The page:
By Brian Milne, Vice President, Director of Marketing & Communications, The Holloway Group
Drive down the I-5 or Highway 99 these days, and you’re sure to see a few old, unproductive almond orchards looking the worse for wear.
That’s because from 1997 to 2002, California planted an average of 22,765 acres of almonds a year, according to the U.S. Department of Agriculture’s National Agricultural Statistics Service, as the almond industry quickly grew to become the state’s top specialty crop by 2011. By comparison, new almond acreage was down to its lowest totals in two decades the past two years, with 19,873 acres planted in 2020 and just 14,998 planted in 2021.
That growth in plantings at the turn of the century, along with record production numbers for half those seasons, amounted to more than 182,000 additional acres of almonds going in during the six-year span, many of which are now (a quarter of a century later) coming out of production—if they haven’t already been removed.
An almond orchard typically has a lifespan of about 20 to 25 years, and the Almond Board of California now projects about 30,000-40,000 acres of almonds will be coming out of production annually over the next decade.
And with ag burning being phased out in the San Joaquin Valley by Jan. 1, 2025, and permits and burn days becoming harder to come by, farming operations have few options for disposing of old fruit or nut trees. That leaves growers in a tough position, not only having to pay for the removal and chipping/grinding of old trees, but also cover the costs of having the shredded material hauled off—during a time when diesel prices are soaring to record highs.
Grants for WOR
Fortunately, there are grant programs and improved Whole Orchard Recycling practices available for growers to help ease those costs and even improve soil conditions as they transition from aging orchards to new plantings and varieties they hope will remain productive for another 25-30 years.
Over the past couple of years, Whole Orchard Recycling has become eligible for funding via a number of programs, including:
- CDFA’s Healthy Soil Incentives Program
- USDA-NRCS Conservation Stewardship Program
- San Joaquin Valley Air Pollution Control District’s Alternative to Agricultural Open Burning Incentive Program
Companies like Holloway have been working with growers to help efficiently remove, stack, grind and reincorporate orchard material into the soil—rather than having it hauled off, or burned to meet the requirements for grant funding.
“Fortunately we’ve been able to help many of our growers successfully apply for those grants, which is great,” said Brian Maxted, CEO of Holloway, an approved Whole Orchard Recycling service provider. “Now, there’s always a cost-benefit analysis that needs to take place, given the different ways to reincorporate woodchips, and different challenges that exist afterward. But it’s certainly something a farmer should consider.”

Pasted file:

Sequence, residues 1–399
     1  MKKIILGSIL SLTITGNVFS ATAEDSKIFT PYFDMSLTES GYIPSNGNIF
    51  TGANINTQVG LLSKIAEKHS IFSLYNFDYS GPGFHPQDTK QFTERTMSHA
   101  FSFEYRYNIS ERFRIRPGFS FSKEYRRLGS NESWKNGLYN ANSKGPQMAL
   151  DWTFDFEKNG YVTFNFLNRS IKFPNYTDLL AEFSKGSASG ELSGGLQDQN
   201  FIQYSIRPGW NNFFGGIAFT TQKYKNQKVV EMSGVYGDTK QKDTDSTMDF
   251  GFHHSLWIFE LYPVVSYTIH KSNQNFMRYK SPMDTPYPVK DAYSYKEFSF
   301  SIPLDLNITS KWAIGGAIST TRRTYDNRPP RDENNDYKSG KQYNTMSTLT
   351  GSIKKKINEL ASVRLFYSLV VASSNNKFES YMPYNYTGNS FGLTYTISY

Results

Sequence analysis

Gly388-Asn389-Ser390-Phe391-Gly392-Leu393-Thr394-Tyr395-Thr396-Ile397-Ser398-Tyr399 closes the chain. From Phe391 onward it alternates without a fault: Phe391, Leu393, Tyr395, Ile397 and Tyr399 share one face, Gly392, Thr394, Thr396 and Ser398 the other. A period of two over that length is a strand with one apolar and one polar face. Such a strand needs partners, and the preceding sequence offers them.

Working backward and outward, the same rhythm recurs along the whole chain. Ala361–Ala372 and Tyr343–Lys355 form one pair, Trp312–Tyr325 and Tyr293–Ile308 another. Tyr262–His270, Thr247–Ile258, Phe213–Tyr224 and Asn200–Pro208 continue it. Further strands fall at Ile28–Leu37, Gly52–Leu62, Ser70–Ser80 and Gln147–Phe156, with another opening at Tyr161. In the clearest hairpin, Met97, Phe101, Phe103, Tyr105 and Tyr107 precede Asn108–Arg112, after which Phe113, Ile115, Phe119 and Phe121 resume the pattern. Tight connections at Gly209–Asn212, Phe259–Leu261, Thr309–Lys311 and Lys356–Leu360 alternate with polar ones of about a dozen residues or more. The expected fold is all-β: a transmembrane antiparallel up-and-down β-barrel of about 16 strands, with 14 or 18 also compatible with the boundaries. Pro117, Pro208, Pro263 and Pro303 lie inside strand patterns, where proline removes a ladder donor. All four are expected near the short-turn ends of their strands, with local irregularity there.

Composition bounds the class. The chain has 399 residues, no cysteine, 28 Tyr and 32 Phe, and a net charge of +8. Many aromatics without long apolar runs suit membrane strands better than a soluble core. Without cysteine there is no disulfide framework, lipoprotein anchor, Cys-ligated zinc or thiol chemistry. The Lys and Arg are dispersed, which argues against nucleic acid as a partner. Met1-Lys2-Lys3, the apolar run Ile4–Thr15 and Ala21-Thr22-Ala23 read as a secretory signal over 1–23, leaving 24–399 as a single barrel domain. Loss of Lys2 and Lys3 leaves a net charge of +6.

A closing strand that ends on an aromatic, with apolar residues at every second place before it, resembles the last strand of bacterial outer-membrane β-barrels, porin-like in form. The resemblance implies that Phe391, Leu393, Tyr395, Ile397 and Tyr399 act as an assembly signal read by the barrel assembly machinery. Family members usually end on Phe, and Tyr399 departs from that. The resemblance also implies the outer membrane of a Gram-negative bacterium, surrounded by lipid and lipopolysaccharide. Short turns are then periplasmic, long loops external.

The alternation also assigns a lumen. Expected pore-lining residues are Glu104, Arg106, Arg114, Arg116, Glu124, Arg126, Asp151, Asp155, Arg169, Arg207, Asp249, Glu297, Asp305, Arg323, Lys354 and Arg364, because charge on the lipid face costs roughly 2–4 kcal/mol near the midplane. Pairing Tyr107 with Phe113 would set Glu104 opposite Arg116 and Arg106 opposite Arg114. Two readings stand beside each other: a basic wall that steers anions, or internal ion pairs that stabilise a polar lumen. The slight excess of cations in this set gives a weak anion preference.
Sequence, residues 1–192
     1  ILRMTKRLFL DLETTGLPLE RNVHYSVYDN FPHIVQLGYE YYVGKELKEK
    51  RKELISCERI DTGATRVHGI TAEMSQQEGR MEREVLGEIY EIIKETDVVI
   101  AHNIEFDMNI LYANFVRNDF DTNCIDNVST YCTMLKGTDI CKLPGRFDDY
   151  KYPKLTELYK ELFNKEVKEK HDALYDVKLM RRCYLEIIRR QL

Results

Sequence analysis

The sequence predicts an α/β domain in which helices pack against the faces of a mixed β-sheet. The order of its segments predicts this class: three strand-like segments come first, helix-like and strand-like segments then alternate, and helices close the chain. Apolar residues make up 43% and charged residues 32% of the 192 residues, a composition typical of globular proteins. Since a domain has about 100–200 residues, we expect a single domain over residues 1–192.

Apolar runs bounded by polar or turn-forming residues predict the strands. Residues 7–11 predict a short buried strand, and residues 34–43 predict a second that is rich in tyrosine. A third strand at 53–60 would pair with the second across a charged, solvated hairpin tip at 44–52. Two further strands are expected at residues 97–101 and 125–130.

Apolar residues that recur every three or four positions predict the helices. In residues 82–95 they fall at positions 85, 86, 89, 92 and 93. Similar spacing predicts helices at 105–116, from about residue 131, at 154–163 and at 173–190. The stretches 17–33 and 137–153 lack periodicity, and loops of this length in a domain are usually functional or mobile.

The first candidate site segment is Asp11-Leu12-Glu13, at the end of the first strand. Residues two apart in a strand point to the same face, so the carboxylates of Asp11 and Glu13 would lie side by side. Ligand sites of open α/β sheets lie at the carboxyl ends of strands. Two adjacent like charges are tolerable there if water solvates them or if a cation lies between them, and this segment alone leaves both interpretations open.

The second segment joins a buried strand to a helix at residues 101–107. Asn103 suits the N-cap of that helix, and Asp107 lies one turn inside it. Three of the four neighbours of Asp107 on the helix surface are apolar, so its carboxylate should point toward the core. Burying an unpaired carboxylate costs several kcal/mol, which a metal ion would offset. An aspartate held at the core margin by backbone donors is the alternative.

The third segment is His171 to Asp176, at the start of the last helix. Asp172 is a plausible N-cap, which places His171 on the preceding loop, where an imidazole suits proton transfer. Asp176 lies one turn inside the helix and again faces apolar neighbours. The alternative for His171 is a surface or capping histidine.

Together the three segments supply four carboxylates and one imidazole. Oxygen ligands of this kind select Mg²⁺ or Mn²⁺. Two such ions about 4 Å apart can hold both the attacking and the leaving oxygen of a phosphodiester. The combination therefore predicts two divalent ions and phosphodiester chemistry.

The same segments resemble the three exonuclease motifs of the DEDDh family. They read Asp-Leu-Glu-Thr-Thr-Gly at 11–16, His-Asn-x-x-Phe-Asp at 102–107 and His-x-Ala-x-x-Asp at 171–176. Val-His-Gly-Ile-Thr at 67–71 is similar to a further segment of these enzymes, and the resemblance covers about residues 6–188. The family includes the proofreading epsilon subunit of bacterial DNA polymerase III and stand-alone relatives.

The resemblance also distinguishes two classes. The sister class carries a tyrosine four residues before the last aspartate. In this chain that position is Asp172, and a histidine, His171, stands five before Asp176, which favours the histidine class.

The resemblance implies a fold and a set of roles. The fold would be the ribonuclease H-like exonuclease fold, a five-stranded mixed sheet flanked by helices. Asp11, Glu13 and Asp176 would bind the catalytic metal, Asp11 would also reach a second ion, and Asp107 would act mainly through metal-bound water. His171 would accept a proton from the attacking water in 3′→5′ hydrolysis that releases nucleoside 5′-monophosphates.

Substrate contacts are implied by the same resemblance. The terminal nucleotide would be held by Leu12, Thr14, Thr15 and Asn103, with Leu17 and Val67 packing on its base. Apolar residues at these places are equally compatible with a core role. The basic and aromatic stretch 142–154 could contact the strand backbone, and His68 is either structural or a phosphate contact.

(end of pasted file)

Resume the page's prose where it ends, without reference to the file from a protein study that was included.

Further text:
Maxted said other considerations include determining the appropriate carbon-to-nitrogen ratios to break down material after reincorporation, along with what crop the operation will be moving into.
That’s where working with a trusted provider, and consulting Whole Orchard Recycling data from the Almond Board and UC Davis can help growers navigate some of those decisions.
Additional Benefits of WOR
Reincorporating the wood material not only helps keep the air smoke-free, it prevents having to run more trucks to landfills and biomass power plants, cutting down on emissions.
The Almond Board of California also notes the following benefits of Whole Orchard Recycling:
- achieving zero waste by recycling all orchard material on site
- increasing water-use efficiency
- improving soil water holding capacity
Then there are the operational efficiencies that come with Whole Orchard Recycling, particularly when the material is ground into finer woodchips that are spread back across a new orchard floor in a more uniform fashion.
“The other benefit is it’s a faster, more efficient way to remove an orchard,” said Holloway Ag Operations Manager Alex Parsons, who previously worked as Farm Unit Manager for South Valley Farms in Wasco. “By reincorporating onsite, you can get the material spread out in a matter of days, versus having to haul it all off.”
Improve Soil Health
While cutting down on ag burning is a key benefit to Whole Orchard Recycling, Parsons added the benefits for the soil shouldn’t go overlooked. Reincorporating woodchips or grindings into the soil can increase carbon sequestration, as well as improve soil biological activity, nitrogen and organic matter in the soil.
In aging orchards, it can also be tough to break up soils and make for a homogenous root zone after dozens of tractor passes each season lead to compaction issues. But during the orchard recycling process, the soils are broken up when the trees and roots are removed and chiseled, and then again during the deep ripping and reincorporation process—when the woodchips are spread back into the soil.
Holloway Vice President of Farm Services Jordan Burt says post-removal, during the deep-ripping phase, is a great time to get soil amendments applied and incorporated deep into the soil profile where the roots of newly planted trees will be established.
“We take a soils-first approach to orchard redevelopment,” Burt said. “We dig soil pits prior to a redevelopment, so we have a better idea of what you have to do to get your ground ready for the next crop.
“This is your one shot to get it right. So, think about what your soil needs. When can you ever put amendments under your tree? This is your one chance to get nutrients down there for another 20 years.”
Learn more about Holloway’s Whole Orchard Recycling process at: HollowayAg.com/WOR.